Chilean poet Pablo Neruda, looking at the ruins of the fabled Incan stronghold Machu Picchu, wrote this: “Stone to stone, where was man? Air in the air, and where was man? Did you put stone over stone and at the base rags?” We must not build progress based on rags.
Where Is God in All This?
Julián Marías, commenting on Aristotelian anthropology, asserts that “the very purpose for man is to be more than man.”2 When one reviews the history of humanity, it is important to ask: Who really put humanity in human beings?
Slavery has been abolished only in recent centuries, and—though hard to grasp—is still practiced in some parts of the world. However, we read in the Old Testament that in the time of Moses both free man and slave enjoyed the Sabbath rest (Ex. 20:10).
The Sabbath rest concept clearly suggests that every person is something more than a gear in the economic machinery and that we have the right to ourselves, our bodies, and spirit.
The biblical Sabbath is unique and quite distinct from other ancient Near Eastern sacred days. The idea of a weekly day of rest came to humanity through the Hebrew Bible. The biblical author highlights this common human bond, including also the vulnerable foreigner. In general, in the ancient world an alien had no rights. But the Bible insists that “you must have the same regulations for the alien and the native-born” (Num. 9:14). Other biblical laws (such as the one granting freedom to a slave in compensation for any major physical damage inflicted by the master [Ex. 21:26, 27]) underline this concept even more. Regarding this law, Jewish scholar Bernard J. Bamberger comments: “No code of the antiquity seems to have something, nor even remotely, comparable to this law. Slaves are not always abused, but only sometimes. In some occasions they were treated with kindness. In ancient times it was not unusual that a slave received freedom, but this situation depended entirely on the master’s will. However, punishing brutality toward a slave by releasing him or her and organize the community to prevent such abuses was something totally new.”3
Let us add to all this that there is a biblical provision to protect both the slave who flees and the person who protects a runaway slave. Contrary to this idea, in the famous Babylonian Hammurabi law code, it is indicated that if a person helped a slave to escape or gave him shelter at home and did not hand the person to the authorities, such a person would be sentenced to death. Yet how different sounds Deuteronomy 23:15, 16 when read in this context: “If a slave has taken refuge with you, do not hand him over to his master. Let him live among you wherever he likes and in whatever town he chooses. Do not oppress him.”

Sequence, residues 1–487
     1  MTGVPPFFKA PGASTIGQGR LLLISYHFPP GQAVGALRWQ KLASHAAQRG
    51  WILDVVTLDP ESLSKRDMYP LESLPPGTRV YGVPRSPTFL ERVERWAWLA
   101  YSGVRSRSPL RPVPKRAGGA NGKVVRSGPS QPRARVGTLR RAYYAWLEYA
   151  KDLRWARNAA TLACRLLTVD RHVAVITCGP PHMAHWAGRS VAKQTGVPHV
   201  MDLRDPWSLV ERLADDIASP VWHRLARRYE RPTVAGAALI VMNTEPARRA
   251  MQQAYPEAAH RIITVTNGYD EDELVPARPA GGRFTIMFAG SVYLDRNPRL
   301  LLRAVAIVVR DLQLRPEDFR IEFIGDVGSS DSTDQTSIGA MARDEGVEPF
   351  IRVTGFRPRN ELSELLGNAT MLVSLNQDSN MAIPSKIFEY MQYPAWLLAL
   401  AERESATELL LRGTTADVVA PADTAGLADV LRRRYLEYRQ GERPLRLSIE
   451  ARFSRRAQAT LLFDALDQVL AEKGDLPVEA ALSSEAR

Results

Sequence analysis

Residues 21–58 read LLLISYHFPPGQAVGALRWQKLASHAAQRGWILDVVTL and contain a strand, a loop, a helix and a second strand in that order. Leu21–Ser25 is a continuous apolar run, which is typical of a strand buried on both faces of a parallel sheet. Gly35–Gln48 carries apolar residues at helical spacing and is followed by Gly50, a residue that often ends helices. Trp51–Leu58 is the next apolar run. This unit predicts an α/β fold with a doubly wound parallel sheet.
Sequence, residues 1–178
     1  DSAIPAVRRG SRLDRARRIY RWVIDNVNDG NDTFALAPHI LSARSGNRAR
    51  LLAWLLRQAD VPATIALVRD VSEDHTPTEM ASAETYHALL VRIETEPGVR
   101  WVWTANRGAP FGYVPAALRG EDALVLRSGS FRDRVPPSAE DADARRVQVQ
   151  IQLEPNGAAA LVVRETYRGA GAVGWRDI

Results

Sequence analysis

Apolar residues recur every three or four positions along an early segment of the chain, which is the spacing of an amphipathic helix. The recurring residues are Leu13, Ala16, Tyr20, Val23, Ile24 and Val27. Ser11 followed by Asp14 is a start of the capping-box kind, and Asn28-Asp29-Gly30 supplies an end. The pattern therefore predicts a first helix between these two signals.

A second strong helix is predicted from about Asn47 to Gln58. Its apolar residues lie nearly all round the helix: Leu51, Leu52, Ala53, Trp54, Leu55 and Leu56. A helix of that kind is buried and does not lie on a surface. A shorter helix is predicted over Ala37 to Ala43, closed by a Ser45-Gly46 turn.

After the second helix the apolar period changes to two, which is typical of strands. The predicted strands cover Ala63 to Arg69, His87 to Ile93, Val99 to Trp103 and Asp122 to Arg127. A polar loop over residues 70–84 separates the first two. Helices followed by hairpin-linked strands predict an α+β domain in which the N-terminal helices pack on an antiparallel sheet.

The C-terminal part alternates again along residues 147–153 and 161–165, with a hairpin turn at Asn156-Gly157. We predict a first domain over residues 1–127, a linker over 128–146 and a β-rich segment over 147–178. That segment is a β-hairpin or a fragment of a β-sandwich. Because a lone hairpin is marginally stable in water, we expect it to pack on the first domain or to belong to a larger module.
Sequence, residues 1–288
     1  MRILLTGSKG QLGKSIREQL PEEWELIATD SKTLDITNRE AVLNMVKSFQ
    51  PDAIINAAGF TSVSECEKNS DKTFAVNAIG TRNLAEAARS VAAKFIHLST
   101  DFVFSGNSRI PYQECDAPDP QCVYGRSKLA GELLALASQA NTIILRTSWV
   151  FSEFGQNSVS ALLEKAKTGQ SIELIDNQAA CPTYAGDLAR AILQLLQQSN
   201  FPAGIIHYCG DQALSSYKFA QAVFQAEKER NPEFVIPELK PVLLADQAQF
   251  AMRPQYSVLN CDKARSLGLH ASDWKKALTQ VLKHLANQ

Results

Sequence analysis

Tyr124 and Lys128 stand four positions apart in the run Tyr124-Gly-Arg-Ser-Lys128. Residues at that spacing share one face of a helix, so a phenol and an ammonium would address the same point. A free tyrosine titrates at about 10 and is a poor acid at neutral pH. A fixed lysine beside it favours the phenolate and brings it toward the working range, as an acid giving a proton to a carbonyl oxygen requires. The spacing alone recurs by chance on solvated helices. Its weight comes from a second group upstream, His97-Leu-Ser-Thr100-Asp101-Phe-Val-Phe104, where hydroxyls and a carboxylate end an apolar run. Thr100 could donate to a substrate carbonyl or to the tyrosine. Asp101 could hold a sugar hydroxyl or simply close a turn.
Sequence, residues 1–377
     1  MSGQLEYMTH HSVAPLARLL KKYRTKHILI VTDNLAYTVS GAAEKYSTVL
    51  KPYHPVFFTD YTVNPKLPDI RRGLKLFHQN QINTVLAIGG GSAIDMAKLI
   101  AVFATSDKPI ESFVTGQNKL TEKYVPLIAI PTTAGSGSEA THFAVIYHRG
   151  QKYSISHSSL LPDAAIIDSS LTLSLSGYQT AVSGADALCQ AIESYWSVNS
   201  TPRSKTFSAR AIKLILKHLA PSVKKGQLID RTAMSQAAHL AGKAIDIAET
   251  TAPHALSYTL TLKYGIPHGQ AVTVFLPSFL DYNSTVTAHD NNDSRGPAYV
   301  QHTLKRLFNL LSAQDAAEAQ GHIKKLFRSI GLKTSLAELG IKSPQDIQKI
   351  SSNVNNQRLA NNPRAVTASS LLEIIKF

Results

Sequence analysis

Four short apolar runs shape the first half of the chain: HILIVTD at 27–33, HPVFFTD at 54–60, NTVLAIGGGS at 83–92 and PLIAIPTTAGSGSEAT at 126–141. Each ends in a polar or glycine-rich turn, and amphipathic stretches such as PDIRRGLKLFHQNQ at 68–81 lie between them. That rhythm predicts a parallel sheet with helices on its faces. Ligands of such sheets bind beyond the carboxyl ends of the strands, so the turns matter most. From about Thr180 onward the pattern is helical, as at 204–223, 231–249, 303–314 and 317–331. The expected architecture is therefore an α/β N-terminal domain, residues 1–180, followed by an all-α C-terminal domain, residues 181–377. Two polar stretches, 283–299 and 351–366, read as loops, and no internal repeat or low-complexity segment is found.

Bamberger comments again, saying that “these verses inspired American abolitionists, even after the Supreme Court, in Dred Scott, repudiated the biblical law. The Torah assumes that no slave would flee from his/her master seeking refuge among us without a good reason to do so. It not only forbids us to return a slave back to the owner, it insists we should give them an opportunity to try a new life.”4 We can infer that God had intended a social order in which slavery did not exist.
What has happened? God created the world, and we added borders. God created humanity, and we added social classes. Following this thought, the words in Job 31:15 seem very much appropriate: “Did not he who made me in the womb make them? Did not the same one form us both within our mothers?”
I Want to Serve You
I started this article with the purchase of some construction supplies for my house. Let me tell you what happened after we purchased the wood. We needed the pine planks to assemble the trusses for the roof. My neighbor Hernán came to greet me when he heard the noise of the cutting and the nailing. Once a year, only during my vacations, we have the opportunity to see each other. This time I saw my good friend, by now more than 80 years old, looking much older. He explained that he had been through a carotid artery surgery that made him almost lose his voice. He told me also that perhaps he would have to move to Santiago, the capital of Chile, since he and his wife were having a hard time living alone. However, very politely and with enthusiasm he said to me: “You know, if I can do anything for you, just let me know.”
I felt overwhelmed. Here was my friend, frail and in pain, ready not only to greet me, but to serve me. Love is exactly that: telling the other, “It is so good that you are here.” And very soon my thoughts about Hernán became a prayer: “Lord, help me to be more human.”
1 “Alcanzar el desarrollo sin perder el alma,” Revista Universitaria 97:16.
2 Julián Marías, El tema del hombre, 9th ed. (Madrid: Espasa Calpe, 1996), p. 63.
3 Bernard J. Bamberger, La Biblia. Un enfoque judío moderno, 2nd ed. (Buenos Aires: Editorial Paidós, 1967), p. 34.
4 Ibid., p. 35.
Alberto E. Delanöe, a retired missionary and pastor, lives with his wife, Erika, in Los Angeles, Chile. This article was published January 27, 2011.